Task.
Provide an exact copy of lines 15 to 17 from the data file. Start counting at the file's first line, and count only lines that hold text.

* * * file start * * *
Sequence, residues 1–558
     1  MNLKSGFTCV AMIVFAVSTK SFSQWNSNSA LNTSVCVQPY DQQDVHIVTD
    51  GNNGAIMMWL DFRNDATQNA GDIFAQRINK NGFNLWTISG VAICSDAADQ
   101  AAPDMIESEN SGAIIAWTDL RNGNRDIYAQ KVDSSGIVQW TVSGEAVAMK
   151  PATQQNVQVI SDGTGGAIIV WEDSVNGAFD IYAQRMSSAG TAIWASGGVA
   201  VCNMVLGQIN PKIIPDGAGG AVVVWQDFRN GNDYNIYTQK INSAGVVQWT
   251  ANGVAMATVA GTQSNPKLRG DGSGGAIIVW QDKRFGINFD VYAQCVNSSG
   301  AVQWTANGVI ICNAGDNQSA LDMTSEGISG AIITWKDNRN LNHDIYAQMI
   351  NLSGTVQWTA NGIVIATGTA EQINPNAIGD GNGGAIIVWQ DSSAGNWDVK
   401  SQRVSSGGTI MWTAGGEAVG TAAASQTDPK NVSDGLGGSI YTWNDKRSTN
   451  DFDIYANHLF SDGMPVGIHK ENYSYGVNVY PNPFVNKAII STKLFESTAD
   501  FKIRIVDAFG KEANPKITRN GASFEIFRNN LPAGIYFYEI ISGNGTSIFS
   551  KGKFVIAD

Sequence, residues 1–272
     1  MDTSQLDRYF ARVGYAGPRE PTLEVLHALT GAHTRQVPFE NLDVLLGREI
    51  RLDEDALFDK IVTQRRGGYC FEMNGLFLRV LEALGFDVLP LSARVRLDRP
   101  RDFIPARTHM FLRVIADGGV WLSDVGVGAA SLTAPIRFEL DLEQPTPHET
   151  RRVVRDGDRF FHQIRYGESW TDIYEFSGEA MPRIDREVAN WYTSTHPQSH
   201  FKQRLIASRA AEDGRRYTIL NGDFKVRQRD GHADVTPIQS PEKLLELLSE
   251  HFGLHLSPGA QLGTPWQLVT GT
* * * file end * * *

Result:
     1  MDTSQLDRYF ARVGYAGPRE PTLEVLHALT GAHTRQVPFE NLDVLLGREI
    51  RLDEDALFDK IVTQRRGGYC FEMNGLFLRV LEALGFDVLP LSARVRLDRP
   101  RDFIPARTHM FLRVIADGGV WLSDVGVGAA SLTAPIRFEL DLEQPTPHET